• This past Memorial Day weekend, Unfiltered caught a CNN segment on Honor winery, a Napa- and Sonoma-based wine brand that sells for $50 to $175 a bottle and raises funds for a range of charities that benefit veterans of the armed services and their families. Started in January 2013, Honor is a partnership between retired U.S. Army Lt. Col. Allen Cage, Jr., Destination Cellars founder and CEO David Keuhner and winemaker Sean Meyer. The brand gained momentum this past year when Keuhner received a phone call from Amanda Sheek, requesting a bottle of the wine that had "My Jacob's" boots on it (the Honor label features a pair of military-issue boots created by a design firm), and Keuhner quickly realized he was speaking to the mother of a fallen soldier, Lance Cpl. Christopher Jacob Levy, killed in Afghanistan in 2011. Keuhner sent her a free bottle, and the two stayed in touch, and Sheek asked him to accompany her to the Silver Star ceremony of Cpl. Christian Brown, who had carried the wounded Levy on his back, under fire from Al Qaeda, to an awaiting helicopter. Levy died three days later, but not before his mother was able to say goodbye. Three days after Levy's death, Brown stepped on an improvised explosive device, losing both of his legs. Keuhner was floored by Brown's bravery and will to overcome his injuries—Brown remains an avid hunter and fisher—and presented him with a bottle of Honor Cabernet as well. Brown, along with many other veterans, has since become an important member of the Honor family, which has thus far raised about $80,000 for a long list of military charities, including Operation Ward 57, Vietnam Veterans Memorial Fund, Luke's Wings, and many more. "We know we can't help everybody," Keuhner told Unfiltered, "but we can make a difference."
Keuhner's and his partners' efforts have caught the attention of the California wine community as well, and this year winemaker Michael Browne and Dan Kosta donated a barrel of 2012 Sonoma Coast Pinot Noir to create a run of large-format Honor-Kosta Browne 2012 bottles to be sold for the benefit of military charities. The first 3-liter bottle sold for $34,000 in February, benefiting the Silent Warrior Scholarship Fund. A 5-liter bottle will be auctioned at the Brian Bill Memorial Golf Tournament in Stamford, Conn., June 16, benefiting the Norwich University scholarship fund for Navy Seal Brian Bill, who was killed in Afghanistan in 2011. Keuhner has revealed to Unfiltered that Honor will have a 2013 vintage partnership with Realm Cellars, whose managing partner, Scott Becker, served in the Air Force and whose founder, Juan Mercado, served in the Army.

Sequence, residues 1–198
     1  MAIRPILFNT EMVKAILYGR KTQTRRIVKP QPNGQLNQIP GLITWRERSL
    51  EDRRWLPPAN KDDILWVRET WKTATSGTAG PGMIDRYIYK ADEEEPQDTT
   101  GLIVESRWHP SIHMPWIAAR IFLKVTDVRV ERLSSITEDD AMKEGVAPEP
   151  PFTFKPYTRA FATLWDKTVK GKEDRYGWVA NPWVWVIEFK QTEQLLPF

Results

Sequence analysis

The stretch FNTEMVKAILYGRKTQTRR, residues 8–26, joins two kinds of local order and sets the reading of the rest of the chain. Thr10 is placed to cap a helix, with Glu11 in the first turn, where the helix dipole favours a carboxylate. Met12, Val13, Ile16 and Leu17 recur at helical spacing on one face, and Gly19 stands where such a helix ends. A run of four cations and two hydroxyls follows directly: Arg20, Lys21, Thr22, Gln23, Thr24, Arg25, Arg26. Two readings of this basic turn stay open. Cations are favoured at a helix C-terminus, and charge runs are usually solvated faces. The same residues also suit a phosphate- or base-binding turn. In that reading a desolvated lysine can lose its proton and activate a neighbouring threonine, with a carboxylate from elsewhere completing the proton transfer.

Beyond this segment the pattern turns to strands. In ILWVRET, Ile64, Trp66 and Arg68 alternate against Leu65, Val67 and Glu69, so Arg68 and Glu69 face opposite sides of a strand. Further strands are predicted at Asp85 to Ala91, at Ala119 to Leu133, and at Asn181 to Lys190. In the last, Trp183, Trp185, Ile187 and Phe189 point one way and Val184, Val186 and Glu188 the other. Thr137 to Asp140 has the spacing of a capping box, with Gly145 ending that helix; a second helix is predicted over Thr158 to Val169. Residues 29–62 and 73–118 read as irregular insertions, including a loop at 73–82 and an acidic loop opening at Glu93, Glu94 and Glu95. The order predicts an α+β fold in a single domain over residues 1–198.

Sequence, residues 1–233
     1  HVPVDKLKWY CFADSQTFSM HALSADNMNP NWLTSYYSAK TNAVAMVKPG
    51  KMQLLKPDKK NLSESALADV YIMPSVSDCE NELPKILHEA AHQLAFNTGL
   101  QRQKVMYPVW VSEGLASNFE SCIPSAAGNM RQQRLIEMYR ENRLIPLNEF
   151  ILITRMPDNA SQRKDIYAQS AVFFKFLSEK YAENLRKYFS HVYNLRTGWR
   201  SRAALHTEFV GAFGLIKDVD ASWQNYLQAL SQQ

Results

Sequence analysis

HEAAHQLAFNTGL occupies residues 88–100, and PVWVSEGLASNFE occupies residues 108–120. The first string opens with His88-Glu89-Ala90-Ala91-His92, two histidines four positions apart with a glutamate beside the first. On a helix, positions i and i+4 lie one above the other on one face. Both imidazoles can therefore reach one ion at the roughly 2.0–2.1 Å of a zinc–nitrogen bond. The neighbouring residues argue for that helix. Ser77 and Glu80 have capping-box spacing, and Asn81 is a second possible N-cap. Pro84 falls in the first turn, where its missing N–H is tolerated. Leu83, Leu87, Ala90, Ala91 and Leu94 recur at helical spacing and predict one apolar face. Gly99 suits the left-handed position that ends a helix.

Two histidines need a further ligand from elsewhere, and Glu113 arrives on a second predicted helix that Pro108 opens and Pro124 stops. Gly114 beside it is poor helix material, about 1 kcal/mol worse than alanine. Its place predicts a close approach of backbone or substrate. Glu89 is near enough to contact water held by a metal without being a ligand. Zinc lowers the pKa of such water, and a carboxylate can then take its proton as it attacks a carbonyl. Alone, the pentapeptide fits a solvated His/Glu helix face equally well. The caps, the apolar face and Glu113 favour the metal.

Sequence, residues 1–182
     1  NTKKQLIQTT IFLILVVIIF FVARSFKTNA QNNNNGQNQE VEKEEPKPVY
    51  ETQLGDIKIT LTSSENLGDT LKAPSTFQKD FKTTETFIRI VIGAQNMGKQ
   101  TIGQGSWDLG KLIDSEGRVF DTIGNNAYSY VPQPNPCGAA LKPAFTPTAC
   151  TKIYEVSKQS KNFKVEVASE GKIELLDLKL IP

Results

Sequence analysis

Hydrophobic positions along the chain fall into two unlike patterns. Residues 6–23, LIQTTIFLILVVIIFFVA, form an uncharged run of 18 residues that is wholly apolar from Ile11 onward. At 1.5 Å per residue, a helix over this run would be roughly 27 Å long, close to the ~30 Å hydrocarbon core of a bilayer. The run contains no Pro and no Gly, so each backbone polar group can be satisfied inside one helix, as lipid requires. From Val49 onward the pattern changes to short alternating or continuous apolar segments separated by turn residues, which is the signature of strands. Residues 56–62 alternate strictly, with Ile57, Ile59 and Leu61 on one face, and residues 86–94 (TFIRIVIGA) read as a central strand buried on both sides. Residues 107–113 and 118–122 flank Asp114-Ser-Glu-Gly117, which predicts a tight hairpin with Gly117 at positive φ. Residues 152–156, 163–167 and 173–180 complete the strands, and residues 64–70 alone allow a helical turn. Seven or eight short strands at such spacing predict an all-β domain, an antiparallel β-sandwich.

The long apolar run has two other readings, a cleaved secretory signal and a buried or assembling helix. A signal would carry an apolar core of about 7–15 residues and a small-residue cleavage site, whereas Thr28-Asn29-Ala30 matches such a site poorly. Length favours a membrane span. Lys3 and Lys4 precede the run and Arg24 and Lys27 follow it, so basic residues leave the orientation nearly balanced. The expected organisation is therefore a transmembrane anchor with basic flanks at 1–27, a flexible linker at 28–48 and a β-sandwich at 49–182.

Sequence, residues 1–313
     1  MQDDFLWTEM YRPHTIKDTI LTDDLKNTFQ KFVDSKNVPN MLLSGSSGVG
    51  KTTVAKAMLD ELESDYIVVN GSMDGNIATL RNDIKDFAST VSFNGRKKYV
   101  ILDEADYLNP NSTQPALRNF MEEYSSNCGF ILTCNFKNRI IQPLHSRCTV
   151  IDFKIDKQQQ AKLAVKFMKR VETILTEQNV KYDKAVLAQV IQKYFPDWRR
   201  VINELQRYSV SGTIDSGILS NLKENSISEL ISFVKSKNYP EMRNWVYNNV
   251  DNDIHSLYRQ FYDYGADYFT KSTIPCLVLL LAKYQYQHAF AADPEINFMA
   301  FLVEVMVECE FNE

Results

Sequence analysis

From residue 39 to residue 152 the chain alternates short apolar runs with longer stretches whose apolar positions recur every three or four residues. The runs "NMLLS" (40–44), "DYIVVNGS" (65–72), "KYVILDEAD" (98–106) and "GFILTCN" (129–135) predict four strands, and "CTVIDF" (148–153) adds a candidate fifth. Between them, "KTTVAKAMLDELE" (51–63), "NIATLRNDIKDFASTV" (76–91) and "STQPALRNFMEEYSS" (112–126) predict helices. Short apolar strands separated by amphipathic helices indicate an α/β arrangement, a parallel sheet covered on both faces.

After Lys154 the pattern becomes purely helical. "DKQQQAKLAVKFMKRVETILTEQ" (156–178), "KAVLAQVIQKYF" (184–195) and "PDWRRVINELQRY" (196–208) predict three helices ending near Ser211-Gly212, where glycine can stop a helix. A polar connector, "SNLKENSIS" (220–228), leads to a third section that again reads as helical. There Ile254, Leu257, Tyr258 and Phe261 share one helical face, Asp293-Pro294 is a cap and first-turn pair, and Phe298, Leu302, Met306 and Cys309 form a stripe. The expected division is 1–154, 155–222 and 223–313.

• Elsewhere in wine and military aid, Beringer Vineyards announced this month that it will team with Birdies for the Brave, a military outreach program supporting combat-wounded veterans. The charity was founded by golfer Phil Mickelson and his wife, Amy, in 2006, and is now supported by the PGA Tour, of which Beringer is the official wine. Throughout this month and next, Beringer is donating $1 for every bottle of Founders' Estate sold to Birdies for the Brave, up to $50,000. "We're honored to be able to contribute to such an important charitable organization, and thank the brave men and women of our country who have and continue to sacrifice on our behalf," said Beringer VP Barry Sheridan in a press release.